In West Africa, why can’t we become the go-to country when it comes to herbal medicine? Why can’t we have science centers in each region where the herbs and spices specific to the region are tapped, developed and substituted for the huge costs of imported medicines, which stream in every day?

Why shouldn’t we develop treatment with herbs, our own standards and medial guidelines to manage the specific illnesses that plague us here in Ghana and Africa?

Why is malaria still a killer in Ghana? Why do we still battle cholera, ebola, oncho etc.? We have the capacity; and the costs to achieving something like this are not a lot.

Ten million cedis to each region for a fully capacitated herbal research center is not beyond reach. We blew more than that with the GYEEDA crap over the last seven years and we are still talking about bringing that nonsense into Parliament to legitimize corruption.

I want to believe that Ghana can become a center for education in ECOWAS. I want to believe that we can set up home-developed education research programs, intertwining local language learning centers to enhance the use of our own language, so we can run parallel to English and my grand children can grow up proudly reading and writing their own as well as an international dialogue, switching perfectly between local idioms and proverbs just as easily as they can in English, French, German and Spanish.

Not only that, I would like to see other countries flocking to Ghana to pick up best teaching and learning practices, not politics, just good quality education, where Ghana would lead all other West African countries with excellence in teaching and training.

I want to believe that we can have teacher training colleges unsurpassed in the region, where nationals will find home for blossoming their skills and knowledge and travel out to spread the skills and bring back value-added schemes to enhance our programs and package these in a unique Ghanaian flavor second to none in West Africa.

Why can’t we do this? What will be more rewarding than to press ahead with world-shattering concepts?

Instead of thinking out of the box, we are stuck trying to compete with each other on who can best define free education. And this is only the definition. We are not yet at implementation.

I want to believe that despite all the lack of resources, these things are not out of reach and we can fund them without too much pain.

Do I have a say whether I prefer to allocate 1% of GDP to centers of excellence in key sectors, understandably the better use of funds, than buying 4×4 land cruisers and building houses for District Chief Executives?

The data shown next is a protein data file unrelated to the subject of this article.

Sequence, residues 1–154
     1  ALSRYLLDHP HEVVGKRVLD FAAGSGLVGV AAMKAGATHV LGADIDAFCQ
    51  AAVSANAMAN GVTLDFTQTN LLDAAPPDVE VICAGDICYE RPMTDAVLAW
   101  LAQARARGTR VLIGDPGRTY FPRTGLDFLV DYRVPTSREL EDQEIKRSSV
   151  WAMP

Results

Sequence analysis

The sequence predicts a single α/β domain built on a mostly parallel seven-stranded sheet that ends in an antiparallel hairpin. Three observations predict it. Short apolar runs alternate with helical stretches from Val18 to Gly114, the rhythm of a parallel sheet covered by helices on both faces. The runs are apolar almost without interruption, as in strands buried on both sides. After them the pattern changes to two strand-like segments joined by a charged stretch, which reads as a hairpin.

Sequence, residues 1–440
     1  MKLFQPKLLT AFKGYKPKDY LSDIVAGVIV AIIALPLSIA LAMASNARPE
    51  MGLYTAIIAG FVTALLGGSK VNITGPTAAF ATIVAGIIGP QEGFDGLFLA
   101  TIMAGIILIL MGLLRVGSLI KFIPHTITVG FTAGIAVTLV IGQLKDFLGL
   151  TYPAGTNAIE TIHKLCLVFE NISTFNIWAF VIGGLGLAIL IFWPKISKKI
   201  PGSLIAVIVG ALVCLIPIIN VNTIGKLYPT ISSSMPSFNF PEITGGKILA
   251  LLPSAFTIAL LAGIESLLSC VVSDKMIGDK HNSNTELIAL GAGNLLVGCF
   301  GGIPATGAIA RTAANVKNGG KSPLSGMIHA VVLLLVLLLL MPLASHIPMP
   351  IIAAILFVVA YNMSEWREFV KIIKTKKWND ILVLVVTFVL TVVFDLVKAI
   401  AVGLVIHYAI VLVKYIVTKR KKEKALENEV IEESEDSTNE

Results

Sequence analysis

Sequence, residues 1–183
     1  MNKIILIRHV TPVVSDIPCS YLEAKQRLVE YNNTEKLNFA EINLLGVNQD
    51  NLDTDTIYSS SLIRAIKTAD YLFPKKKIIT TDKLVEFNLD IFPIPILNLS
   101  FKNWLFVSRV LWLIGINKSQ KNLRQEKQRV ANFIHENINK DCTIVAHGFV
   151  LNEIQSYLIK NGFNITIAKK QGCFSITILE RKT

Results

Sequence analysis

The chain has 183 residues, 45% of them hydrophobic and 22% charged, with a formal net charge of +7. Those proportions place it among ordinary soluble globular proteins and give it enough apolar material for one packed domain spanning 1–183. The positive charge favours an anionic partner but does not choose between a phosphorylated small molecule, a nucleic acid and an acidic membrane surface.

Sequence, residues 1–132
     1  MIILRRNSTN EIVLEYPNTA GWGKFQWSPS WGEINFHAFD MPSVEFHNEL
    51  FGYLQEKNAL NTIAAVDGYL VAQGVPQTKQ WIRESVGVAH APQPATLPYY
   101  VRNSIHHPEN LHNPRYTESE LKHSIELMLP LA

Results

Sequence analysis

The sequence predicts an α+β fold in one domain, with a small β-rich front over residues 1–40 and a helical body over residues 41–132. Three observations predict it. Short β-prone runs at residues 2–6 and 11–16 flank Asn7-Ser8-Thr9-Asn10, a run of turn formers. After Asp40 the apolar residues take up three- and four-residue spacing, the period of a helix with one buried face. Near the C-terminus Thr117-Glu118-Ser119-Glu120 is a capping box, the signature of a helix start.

I don’t want to ever see another GYEEDA module. I want to believe that Parliament will debate this issue and recognize that we have existing institutions that can perform better if properly resourced.

Funding COTVET and other training institutions and prepping them as certified centers of excellence for artisans is a must. Masons, fitters, carpenters, electricians, skilled in their work, with enough to give contractors and buyers the assurance that buildings will not collapse because they will not compromise their professionalism to corrupt persons, whose duty of care does not go beyond their noses.

I have no place in my center of excellence for pothole filling.

What is wrong with doing things this way? What would be better and more fulfilling than knowing that we, in Ghana, are the best in the sub-region when it comes to professional skills and management?

A Country of Excellence. Better than insults from Robert Mugabe, surely!

But because I am not the leader of this government and because I cannot effect change but only monitor change, I want to believe that the persons at the helm of the development and politics of our country realize that there is a whole group of people who believe more in the evolution of this country, past an under-developed state to something akin to a decent place to spend the rest of their lives.

I would like to see it change and I want to believe it is possible. But I hesitate to dream too loud, because I “conf”.

Ghana, Aha a ye din papa. Alius atrox week advenio. Another terrible week to come!